Its mission is to create a flat world mathematics curriculum by seeking out proven best practices from teachers and parents around the world.
Privately funded, its lessons are developed with advice from the University of Cambridge. Its editors blend this collective wisdom into bite-sized animated and interactive explanations that provide concept clarification visually and help remove the fear of the subject.
In 2009, Naledi Pandor, the minister of education at the time, commissioned a nine-member team from KwaZulu-Natal, Limpopo, Western Cape and North West to visit the HeyMath! centre in India.
The team observed how the organisation was making a difference in classrooms there and it learned about the pedagogy, ideation and content development processes behind the programme. This, in turn, enabled them to evaluate and asses it against other initiatives and advise on the best course of action for the department in South Africa.
The HeyMath! model is purposefully designed to be as simplistic as possible to implement. The organisation provides laptops with pre-loaded teaching resources and data projectors. It then builds teacher capacity through regular professional development workshops and conducts demo sessions (that do not require an internet connection) in class for teachers.
The implementation phase in classrooms shows improved student motivation that positively impacts on their results.
Since 2009, the HeyMath! programme has already reached more than 700 schools across KwaZulu-Natal, Northern Cape, Limpopo and Free State.
Its mission in South Africa is to help transform maths education to enable world-class standards through the innovative use of information and communication technologies and the adoption of best practices in teaching from high performing school systems across the world.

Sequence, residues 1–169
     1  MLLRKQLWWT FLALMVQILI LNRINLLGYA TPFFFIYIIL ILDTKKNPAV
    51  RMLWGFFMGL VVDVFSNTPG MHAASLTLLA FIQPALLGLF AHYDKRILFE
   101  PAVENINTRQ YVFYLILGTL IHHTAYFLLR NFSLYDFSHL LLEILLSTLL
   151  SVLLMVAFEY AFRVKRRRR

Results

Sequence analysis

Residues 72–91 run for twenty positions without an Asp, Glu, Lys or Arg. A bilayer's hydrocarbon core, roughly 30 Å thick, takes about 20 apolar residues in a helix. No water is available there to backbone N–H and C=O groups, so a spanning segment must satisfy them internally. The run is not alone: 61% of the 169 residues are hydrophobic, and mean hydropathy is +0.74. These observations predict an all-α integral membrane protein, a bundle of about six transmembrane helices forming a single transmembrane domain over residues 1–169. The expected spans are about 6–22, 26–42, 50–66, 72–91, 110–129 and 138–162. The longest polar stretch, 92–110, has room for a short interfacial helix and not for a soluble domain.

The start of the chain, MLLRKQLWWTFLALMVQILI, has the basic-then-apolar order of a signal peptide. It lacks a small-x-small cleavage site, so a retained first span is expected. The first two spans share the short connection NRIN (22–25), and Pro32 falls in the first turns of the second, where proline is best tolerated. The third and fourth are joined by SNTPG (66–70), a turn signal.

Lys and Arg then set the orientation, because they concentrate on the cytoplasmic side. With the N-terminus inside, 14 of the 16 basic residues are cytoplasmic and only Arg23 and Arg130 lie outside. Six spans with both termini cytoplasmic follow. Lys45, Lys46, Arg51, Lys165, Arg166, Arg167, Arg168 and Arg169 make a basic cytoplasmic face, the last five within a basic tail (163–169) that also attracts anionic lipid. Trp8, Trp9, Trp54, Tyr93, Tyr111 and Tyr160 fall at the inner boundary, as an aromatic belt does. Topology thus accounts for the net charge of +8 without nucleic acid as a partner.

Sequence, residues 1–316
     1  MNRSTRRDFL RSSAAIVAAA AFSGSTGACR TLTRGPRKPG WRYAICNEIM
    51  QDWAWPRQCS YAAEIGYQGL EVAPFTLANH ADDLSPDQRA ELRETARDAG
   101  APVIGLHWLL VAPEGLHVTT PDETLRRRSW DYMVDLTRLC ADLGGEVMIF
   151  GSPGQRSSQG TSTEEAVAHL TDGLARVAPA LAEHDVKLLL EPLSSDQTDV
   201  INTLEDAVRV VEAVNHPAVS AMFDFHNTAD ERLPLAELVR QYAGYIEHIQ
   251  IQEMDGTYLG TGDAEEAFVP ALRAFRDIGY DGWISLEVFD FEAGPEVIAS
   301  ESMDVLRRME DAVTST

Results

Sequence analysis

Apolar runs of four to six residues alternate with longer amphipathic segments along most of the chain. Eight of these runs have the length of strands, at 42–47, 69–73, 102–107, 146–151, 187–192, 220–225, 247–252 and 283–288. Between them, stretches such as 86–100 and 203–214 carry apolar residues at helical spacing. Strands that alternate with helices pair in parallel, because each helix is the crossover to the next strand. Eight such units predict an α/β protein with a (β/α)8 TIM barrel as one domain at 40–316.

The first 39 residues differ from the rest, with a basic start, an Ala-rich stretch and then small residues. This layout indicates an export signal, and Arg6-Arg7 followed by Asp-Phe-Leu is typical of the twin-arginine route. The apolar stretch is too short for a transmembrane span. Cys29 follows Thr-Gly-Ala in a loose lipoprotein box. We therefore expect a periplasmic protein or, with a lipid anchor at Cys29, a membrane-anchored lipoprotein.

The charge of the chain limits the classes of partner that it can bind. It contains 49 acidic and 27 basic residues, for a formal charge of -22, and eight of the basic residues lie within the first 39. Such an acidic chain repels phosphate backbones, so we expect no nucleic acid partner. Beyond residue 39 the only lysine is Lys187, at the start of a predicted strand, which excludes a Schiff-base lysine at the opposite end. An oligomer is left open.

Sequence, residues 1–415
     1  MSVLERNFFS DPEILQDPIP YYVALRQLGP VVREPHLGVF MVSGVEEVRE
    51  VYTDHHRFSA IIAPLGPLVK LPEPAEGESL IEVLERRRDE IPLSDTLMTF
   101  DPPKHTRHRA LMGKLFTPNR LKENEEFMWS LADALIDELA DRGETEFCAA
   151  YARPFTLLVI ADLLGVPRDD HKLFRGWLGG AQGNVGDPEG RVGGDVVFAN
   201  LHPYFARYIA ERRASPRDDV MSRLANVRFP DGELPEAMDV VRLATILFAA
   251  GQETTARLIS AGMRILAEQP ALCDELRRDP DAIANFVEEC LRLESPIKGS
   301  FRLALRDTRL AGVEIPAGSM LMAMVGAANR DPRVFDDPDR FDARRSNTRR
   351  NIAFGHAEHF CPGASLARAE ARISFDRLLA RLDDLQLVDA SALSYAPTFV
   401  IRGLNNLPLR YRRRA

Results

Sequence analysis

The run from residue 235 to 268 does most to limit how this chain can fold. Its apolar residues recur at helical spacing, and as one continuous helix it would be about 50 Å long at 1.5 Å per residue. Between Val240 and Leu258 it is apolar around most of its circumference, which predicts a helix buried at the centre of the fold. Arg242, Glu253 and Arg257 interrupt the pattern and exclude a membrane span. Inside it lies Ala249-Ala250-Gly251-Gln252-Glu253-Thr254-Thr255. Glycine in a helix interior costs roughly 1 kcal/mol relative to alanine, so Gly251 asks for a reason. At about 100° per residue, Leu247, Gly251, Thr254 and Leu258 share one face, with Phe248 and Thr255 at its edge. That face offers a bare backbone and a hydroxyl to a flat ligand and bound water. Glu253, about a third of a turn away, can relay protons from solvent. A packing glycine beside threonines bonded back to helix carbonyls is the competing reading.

HeyMath! has identified five key areas to accomplish this in South Africa. First, it wants to build teacher capacity by deepening knowledge of the content matter.
Second, the programme wants to uniformly improve the quality of instruction at schools across the country.
Third, it wants to see the institutionalisation of the continuous sharing of best practices within South Africa and the rest of the world. In the fourth instance, it wants to motivate students and instil a positive attitude when it comes to math education.
Finally, it aims to stretch the performance of students with higher abilities for the subject. There is a strong correlation between improving maths marks and the matric pass rate.
For example, maths pass rates in the Free State have consistently improved every year since the programme was rolled out there in 2010; the Free State matric pass rate increased from 71% in 2010 to 81% in 2012. One success story is the Northbury Park School in Umgungundlovu district near Pietermaritzburg.
The KwaZulu-Natal department of education selected the school to be part of a three-year HeyMath! project that launched in 2009.
The HeyMath! content was completely aligned to the curriculum and mapped to the provincial school work schedule. This made life easier for educators when it came to lesson planning.
HeyMath! ran three intensive development sessions for teachers at the school.
The hands-on training was focused on familiarising the teachers with the effective use of the programme while also focusing on preparation for the matric maths exam.
After implementing the programme, the teachers reported that they received an immediate positive response from the learners. It helped them gain a deeper conceptual understanding of maths.
Since the programme was implemented in 2009, it has resulted in an increase in the mathematics pass rate from 54% in 2010 to 86% in 2012.
Although this article has been made possible by the Mail & Guardian's advertisers, content and photographs were sourced independently by the M&G supplements editorial team. It forms part of a larger supplement.